Daily Rules, Proposed Rules, and Notices of the Federal Government
In addition, FSIS is expanding its
Finally, this notice announces that FSIS will apply its Category 1 performance measure based on current performance standards for ground chicken and turkey product to comminuted poultry to mark the level of process control that all establishments producing such products should maintain. No sooner than 90 days after publication of this notice, the Agency will begin sampling to determine the prevalence of
FSIS invites comments on this notice.
FSIS administers a regulatory program under the Federal Meat Inspection Act (FMIA) (21 U.S.C. 601
Section 417.2(a)(1) of the HACCP regulations states that a food safety hazard that is reasonably likely to occur is one for which a prudent establishment would establish control measures because the hazard historically has occurred, or because there is a reasonable possibility that it will occur in the particular type of product being processed, in the absence of those controls. Whenever a hazard analysis reveals that one or more hazards are reasonably likely to occur in the production process, the regulations require that the establishment develop and implement a written HACCP plan that includes specific control measures for each hazard identified (9 CFR 417.2(b)(1) and (c)).
Section 417.4(a)(3) of the regulations requires that every establishment reassess the adequacy of its HACCP plan at least annually and whenever any
In February 2011, the Wisconsin Department of Health and Family Services (WDHFS) notified FSIS of a case-patient hospitalized with a confirmed
In response to the events, the Agency conducted a Food Safety Assessment (FSA) at the establishment in April-May 2011. An FSA is performed to assess the design and validity of food safety systems in an establishment. FSAs are conducted routinely and periodically and also “for cause” when prompted by a positive sample result, production and shipment of adulterated product, or any other high priority food safety related incident. FSIS issued a Notice of Intended Enforcement Action (NOIE) to this establishment in early May due to lack of validated cooking instructions, among other findings. Specifically, the cooking instructions prescribed a certain number of minutes for cooking per patty side, but the establishment's validation cooking study did not demonstrate that the cook time and cooking methods prescribed in these instructions ensured that a safe internal temperature is reached. In response to the NOIE, the establishment decreased its patty thickness, revalidated cooking instructions, and changed its consumer package instructions to recommend cooking to 165 degrees Fahrenheit. The establishment also implemented antimicrobial treatments in product manufacture and made other changes in response to the NOIE. FSIS verified that the establishment was implementing effective
The establishment associated with this outbreak is not a slaughter establishment and receives raw product for grinding and ground product for blending from other establishments in its corporate structure. The recalled product was produced at this establishment by blending turkey ground at slaughter establishments within its corporate structure.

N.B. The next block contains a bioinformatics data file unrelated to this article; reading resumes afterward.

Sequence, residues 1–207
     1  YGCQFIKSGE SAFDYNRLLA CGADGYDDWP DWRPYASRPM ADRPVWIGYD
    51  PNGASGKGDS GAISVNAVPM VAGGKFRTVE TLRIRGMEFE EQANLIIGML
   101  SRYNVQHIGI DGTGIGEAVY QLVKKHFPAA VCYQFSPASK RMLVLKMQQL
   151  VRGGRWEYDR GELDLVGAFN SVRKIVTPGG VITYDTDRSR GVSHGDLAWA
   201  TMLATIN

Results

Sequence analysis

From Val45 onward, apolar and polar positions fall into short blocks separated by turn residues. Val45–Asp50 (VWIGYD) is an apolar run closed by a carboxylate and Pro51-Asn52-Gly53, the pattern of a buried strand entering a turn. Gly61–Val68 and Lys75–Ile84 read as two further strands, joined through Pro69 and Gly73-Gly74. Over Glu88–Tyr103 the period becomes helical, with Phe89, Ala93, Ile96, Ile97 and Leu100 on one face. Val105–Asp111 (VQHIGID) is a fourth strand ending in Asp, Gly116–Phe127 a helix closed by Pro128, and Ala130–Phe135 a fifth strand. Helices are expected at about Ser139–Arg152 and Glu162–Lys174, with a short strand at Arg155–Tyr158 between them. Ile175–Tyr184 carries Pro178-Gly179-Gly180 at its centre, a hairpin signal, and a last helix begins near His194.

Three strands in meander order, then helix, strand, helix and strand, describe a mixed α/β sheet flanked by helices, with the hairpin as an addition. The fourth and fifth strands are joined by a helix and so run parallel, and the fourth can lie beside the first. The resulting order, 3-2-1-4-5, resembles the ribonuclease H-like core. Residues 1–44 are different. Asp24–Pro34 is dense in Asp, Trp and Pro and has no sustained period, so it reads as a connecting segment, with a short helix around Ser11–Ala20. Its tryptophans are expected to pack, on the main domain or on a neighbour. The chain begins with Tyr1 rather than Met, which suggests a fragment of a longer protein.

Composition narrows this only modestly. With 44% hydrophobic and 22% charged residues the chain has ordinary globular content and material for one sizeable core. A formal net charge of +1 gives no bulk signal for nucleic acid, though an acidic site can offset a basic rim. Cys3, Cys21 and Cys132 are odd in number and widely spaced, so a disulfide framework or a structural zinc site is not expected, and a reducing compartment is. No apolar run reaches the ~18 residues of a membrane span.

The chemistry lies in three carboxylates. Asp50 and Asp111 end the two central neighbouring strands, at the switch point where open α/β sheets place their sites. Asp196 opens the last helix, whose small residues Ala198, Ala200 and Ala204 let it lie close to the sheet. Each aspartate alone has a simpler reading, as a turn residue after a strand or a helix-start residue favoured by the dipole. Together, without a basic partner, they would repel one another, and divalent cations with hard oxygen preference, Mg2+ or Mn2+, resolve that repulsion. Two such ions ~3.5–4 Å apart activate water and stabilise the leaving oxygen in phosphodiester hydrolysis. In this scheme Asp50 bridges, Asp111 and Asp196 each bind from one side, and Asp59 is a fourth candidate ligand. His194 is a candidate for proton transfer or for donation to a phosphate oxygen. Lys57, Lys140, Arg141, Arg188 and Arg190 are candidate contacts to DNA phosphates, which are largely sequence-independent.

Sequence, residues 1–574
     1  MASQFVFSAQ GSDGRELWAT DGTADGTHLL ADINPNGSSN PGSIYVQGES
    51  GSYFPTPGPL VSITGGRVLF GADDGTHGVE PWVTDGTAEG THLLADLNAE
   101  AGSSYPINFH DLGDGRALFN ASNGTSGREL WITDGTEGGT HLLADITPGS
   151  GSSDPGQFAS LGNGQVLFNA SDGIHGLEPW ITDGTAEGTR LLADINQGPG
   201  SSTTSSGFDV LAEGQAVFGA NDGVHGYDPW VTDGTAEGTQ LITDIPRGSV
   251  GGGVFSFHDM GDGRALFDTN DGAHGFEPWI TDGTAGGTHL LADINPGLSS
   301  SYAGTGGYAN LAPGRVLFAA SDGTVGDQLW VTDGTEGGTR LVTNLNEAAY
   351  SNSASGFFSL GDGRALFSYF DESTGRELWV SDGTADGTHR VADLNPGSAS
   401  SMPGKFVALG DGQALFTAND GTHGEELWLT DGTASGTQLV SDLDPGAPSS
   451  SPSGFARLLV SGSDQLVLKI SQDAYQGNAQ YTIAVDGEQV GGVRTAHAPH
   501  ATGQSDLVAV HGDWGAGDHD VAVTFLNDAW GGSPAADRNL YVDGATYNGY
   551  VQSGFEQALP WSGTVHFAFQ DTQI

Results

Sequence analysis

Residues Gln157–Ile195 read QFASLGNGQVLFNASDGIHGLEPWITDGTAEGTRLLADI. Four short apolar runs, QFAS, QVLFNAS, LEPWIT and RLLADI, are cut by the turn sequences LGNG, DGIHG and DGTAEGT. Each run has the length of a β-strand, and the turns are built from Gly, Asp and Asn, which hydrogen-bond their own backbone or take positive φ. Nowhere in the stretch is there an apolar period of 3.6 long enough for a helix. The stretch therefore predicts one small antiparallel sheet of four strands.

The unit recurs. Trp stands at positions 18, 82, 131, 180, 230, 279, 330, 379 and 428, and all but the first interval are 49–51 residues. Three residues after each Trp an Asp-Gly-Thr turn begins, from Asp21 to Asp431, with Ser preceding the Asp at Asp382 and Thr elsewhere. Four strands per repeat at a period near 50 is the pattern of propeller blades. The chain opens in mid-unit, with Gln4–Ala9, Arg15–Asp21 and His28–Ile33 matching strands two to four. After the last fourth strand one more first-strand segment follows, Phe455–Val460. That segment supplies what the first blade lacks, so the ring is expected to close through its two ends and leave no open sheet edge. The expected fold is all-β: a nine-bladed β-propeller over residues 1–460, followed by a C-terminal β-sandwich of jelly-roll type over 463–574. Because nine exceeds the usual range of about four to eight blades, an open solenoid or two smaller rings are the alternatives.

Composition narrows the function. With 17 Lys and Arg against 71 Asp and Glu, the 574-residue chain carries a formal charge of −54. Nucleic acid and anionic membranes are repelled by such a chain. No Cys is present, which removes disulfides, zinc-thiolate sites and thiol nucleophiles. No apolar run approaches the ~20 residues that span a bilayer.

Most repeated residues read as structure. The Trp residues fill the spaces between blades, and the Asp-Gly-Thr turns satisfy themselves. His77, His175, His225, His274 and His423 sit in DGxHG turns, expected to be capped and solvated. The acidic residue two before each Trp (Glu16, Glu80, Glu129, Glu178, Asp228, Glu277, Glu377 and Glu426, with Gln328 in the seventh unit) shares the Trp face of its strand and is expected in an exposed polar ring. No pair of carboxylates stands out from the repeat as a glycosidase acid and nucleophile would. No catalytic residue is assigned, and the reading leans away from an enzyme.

Through review of records, FSIS found that at the time of the outbreak, this further processing establishment had not, as cited above, provided validated cooking instructions for the recalled product, did not use interventions other than temperature control on raw parts for grinding, and did not prevent lots from contaminating each other by cleaning and sanitizing blending and grinding equipment between lots. FSIS also found that in the months leading up to the outbreak, the establishment that manufactured the product associated with the outbreak may not have had adequate controls to prevent or reduce
In May 2011, FSIS became aware of a cluster of 29
The establishment responded with modifications to its food safety system to improve its interventions designed to control
FSIS initiated an FSA and scheduled an Incident Investigation Team (IIT) review at the establishment. An IIT review is convened to investigate and provide information regarding a non-routine incident involving the adulteration of FSIS-regulated product
Establishment data indicated, furthermore, that the use of mechanically deboned and separated product increased the likelihood of
Based on information from the FSA and IIT, FSIS issued an NOIE on the same NRTE ground processes previously suspended to provide the establishment the opportunity to demonstrate compliance as directed by 9 CFR 500.4(a). This resulted in a new suspension of inspection for the specified NRTE ground processes until the establishment was able to demonstrate effective controls. On September 11, the producing establishment voluntarily recalled 185,000 pounds of ground turkey. Information on this recall can be found on the FSIS Web page (